worse than that money. A son in law in wales has been waiting over 12 months for his second eye to be done. My neighbour waited 11 months and hip replacement is being rationed as it is not seen as life threatening. Saving money enables choices
    • suki1964
    • By suki1964 10th Feb 18, 10:07 PM
    • 11,104 Posts
    • 29,663 Thanks
    suki1964
    I have to admit I've been very cavalier about money most of my life, earned it, spent it. It really has only been these past few years I've started to think about how I spend , and what I spend it on

    I don't keep detailed records, I wouldn't know one end of a spreadsheet from the other, but I am "enjoying" my bank app

    I'm now cash free so it's debit card all the way and it's eye opening to see where my money is really going - my car mostly . But no public transport, me and he working different directions and start/finish times, we need 2 cars

    I can see how book keeping is important, but I need to keep it simple and pain free
    if you lend someone £20 and never see that person again, it was probably worth it
    • caronc
    • By caronc 11th Feb 18, 9:10 AM
    • 3,892 Posts
    • 24,834 Thanks
    caronc
    I find a spreadsheet the easiest way for me, everything in one place and I know "where I'm at" at a glance. A banking app would work less well for me but I know my kids use them.
    GC - Mar £104/£150, Apr £164/£200, May £96/£120, Jun £206/£230
    GC YTD 2018- £605/£940
    • bouicca21
    • By bouicca21 11th Feb 18, 9:55 AM
    • 3,692 Posts
    • 5,550 Thanks
    bouicca21
    Like Money I CBA to faff round with spreadsheets and the like. I've always had to be frugal, always had a horror of debt, so I suppose I've effectively done the planning in my head. Being retired and being mortgage free has made the finances so much easier but Christmas was expensive, various annual subs went out in January and two unexpected repairs have pushed me back into extreme MSE mode. But I've done it before and I can do it again. I could sub myself from savings - but I've got cataracts and when they need doing they will be done, no way am I going on a waiting list.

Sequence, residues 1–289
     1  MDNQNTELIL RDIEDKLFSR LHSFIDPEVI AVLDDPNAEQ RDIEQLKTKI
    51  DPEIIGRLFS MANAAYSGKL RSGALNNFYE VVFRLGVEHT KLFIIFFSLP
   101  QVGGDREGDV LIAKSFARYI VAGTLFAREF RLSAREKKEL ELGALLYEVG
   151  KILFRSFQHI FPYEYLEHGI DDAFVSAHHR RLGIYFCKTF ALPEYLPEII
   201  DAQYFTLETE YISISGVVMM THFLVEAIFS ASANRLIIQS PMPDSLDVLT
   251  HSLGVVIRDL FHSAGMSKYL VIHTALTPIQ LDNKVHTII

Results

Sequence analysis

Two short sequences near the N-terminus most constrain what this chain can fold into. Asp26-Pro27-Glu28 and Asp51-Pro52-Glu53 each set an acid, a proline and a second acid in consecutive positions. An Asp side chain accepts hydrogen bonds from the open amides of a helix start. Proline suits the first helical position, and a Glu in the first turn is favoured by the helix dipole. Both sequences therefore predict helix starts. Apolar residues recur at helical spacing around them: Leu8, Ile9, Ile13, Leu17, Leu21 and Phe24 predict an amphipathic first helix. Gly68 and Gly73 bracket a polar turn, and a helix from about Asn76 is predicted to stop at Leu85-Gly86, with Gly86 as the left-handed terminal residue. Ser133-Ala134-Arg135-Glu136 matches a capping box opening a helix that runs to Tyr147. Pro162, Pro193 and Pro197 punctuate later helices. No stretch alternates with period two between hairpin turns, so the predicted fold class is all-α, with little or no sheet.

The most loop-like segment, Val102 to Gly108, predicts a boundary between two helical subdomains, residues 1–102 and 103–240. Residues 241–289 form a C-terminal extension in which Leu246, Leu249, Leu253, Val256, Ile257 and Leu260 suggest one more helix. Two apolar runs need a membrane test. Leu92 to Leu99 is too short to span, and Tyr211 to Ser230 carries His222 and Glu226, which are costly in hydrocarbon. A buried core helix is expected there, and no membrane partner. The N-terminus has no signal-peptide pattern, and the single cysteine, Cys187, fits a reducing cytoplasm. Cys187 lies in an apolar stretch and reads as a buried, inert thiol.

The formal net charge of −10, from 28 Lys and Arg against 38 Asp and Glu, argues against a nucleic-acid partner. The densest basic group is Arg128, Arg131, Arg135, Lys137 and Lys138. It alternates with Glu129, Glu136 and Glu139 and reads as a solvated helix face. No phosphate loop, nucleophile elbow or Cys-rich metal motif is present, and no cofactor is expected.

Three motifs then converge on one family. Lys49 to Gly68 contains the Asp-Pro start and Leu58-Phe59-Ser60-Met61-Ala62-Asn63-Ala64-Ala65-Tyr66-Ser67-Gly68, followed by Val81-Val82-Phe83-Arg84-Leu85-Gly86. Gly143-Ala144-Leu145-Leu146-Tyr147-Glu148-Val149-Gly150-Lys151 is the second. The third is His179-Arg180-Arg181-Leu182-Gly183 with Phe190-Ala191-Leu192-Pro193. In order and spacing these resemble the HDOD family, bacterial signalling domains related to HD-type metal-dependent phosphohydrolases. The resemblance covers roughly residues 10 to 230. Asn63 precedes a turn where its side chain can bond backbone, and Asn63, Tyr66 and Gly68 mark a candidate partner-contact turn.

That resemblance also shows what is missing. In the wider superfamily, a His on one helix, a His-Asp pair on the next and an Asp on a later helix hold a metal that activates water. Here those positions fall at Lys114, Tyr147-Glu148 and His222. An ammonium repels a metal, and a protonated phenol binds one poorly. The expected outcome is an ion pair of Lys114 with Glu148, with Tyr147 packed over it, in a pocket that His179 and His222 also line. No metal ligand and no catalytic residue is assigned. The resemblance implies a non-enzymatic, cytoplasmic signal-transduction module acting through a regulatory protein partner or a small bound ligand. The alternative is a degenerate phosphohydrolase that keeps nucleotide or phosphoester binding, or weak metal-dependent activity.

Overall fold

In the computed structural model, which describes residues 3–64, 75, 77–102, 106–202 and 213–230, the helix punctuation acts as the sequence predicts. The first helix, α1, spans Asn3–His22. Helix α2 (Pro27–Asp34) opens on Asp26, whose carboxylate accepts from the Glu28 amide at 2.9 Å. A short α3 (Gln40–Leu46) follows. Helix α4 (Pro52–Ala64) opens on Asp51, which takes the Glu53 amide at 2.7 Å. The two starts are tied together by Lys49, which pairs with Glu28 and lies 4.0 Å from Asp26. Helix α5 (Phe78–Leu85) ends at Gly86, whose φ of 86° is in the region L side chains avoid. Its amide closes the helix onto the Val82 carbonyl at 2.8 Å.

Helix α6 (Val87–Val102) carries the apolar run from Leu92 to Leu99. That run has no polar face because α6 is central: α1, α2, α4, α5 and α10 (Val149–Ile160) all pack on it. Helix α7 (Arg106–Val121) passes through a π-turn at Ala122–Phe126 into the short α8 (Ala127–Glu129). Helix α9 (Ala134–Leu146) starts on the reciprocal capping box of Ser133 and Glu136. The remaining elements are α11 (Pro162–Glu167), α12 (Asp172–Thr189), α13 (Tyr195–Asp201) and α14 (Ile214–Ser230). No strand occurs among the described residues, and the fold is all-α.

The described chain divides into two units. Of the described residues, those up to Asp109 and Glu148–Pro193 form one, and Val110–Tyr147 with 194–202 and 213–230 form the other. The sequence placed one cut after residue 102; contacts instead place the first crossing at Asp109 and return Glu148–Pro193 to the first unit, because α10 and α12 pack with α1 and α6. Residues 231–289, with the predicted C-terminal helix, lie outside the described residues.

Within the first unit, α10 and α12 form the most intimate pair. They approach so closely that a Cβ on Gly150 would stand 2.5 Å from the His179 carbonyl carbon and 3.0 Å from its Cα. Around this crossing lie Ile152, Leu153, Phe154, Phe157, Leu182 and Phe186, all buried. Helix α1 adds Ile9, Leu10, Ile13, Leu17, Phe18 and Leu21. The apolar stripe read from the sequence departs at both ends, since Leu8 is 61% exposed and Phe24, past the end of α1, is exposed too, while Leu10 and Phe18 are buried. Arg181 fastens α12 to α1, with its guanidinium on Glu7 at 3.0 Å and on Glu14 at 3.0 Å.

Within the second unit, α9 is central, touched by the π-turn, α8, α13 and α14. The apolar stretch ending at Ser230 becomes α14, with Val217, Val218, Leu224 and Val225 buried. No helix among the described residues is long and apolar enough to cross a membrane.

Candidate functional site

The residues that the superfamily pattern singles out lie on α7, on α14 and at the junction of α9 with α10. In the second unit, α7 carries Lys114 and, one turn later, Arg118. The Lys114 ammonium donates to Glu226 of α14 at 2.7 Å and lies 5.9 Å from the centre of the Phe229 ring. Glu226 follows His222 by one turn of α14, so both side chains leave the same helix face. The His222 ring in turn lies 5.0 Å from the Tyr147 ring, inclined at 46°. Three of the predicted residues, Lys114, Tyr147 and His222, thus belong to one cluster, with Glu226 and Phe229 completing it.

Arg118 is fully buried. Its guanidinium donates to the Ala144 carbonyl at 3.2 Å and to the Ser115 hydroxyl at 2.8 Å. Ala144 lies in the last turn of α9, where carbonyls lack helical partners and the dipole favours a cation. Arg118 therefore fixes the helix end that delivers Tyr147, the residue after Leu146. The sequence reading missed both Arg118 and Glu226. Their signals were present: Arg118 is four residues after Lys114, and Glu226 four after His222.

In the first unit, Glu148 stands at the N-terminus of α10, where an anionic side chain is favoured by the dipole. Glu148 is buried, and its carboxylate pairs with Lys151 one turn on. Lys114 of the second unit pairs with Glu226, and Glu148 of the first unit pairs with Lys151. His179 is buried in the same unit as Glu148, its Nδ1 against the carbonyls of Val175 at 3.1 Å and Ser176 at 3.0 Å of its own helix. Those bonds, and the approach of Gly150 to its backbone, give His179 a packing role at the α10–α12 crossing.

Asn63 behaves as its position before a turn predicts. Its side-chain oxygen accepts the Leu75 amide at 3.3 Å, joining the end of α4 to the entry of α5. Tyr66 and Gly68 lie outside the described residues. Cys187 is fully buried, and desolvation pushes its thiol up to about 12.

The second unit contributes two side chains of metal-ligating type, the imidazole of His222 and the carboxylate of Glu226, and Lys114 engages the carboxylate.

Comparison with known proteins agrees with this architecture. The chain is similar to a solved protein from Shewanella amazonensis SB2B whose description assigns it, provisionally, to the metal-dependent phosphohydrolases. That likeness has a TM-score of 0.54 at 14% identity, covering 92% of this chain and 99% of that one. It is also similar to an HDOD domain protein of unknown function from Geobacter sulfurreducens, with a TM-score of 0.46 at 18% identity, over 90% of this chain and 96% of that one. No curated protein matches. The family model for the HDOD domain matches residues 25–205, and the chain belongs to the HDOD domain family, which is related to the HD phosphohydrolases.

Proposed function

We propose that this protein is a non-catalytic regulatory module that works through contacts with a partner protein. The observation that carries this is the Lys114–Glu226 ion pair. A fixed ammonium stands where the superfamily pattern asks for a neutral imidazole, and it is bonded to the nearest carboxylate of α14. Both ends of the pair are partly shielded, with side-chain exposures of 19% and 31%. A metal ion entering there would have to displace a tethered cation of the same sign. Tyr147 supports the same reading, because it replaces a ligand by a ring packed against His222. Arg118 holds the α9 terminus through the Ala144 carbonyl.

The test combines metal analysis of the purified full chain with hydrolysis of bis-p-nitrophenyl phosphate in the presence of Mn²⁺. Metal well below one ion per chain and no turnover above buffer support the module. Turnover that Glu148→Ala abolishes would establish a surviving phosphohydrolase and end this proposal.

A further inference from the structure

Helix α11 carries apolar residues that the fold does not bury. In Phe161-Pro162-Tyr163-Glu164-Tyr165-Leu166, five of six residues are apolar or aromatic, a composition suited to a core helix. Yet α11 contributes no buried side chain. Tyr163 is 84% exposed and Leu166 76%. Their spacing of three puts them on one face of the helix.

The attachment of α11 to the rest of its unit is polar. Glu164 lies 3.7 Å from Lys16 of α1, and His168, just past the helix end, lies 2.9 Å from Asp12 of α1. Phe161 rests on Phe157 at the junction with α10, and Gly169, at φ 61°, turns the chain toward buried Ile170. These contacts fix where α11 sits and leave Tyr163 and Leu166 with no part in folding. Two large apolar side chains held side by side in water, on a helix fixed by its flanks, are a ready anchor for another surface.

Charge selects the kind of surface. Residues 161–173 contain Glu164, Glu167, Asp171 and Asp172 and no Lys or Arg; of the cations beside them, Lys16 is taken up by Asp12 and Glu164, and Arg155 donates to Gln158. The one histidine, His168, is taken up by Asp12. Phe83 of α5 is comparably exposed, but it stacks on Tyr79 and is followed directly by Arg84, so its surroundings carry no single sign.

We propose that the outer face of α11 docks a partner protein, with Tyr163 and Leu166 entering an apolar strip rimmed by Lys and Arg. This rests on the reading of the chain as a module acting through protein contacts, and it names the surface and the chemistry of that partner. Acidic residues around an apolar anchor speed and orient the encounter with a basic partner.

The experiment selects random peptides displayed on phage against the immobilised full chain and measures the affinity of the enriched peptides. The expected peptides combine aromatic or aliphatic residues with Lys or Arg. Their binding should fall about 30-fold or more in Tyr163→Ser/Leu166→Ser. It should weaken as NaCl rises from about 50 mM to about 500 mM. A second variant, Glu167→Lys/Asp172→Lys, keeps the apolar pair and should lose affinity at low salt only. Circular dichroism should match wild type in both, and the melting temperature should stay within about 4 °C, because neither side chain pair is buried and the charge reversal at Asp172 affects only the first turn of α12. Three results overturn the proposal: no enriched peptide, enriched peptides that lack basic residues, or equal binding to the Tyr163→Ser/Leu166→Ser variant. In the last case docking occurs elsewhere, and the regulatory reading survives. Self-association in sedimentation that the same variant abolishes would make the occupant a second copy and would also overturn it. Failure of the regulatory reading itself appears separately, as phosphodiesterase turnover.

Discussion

• kittie
    • By kittie 11th Feb 18, 10:09 AM
    • 12,189 Posts
    • 76,438 Thanks
    kittie
    suki, I have that reality check from being on the MK thread and having taken a small house worth of nice goodies to the charity shop. If only I had been better able to differentiate want and need when I was younger. These days I tend to decide I might want something and sleep on the idea, more often than not I have changed my mind by morning

    I do know that any furniture bought in the last 4 years is having to work harder and to have potential for space downsize in the future (maybe 10 years). In the meantime I either find a house that can accomodate my many hobbies and all my furniture, or some of my nice quality furniture will have to go, the stuff that is darkand older but I am still hopeful of finding a big enough home and deferring the actual furniture disposal until I need to
    • Chandelier.
    • By Chandelier. 11th Feb 18, 12:55 PM
    • 635 Posts
    • 1,678 Thanks
    Chandelier.
    I'm late to joining the thread but better late then never eh?

    This year is proving to be an expensive year. We have a lot of family occasions/events coming up that it's hard to keep track of.

    I did the whole moneyhaul thing at the end of January and set up a new budget for February and onwards. This includes future annual expenses. I work best with different pots so have set up numerous ones for different things. I have a main account where my bills/direct debits come out of then a seperate account for entertainment funds. All other accounts/pots are set up for the annual expenses and a set amount is divided between these each month. What is not spent will go towards creating a buffer/sweeped towards another savings account.

    I was lucky to receive an inheritance towards the end of 2017 which enabled me to finally pay off my debts and add the rest to savings I had already accrued, I basically have enough for a house deposit right now. However I'm choosing to stay at home as long as possible in order to build up my savings so when I do decide the time is right, I'll be able to put down a decent deposit and have enough left over to finance future renovations. I don't want to put these on credit.

    I've always been more of a saver then a spender. My debt was never down to wreckless spending, it was down to the decision of wanting to end my PCP deal and pay for the rest of my car outright and then I had some private dental work done, which I thought long and hard about. I always ensured I paid off lump sums each month and aimed to get the debt paid off as quickly as possible. So effectively the money I used each month to pay off the debt is now diverted elsewhere.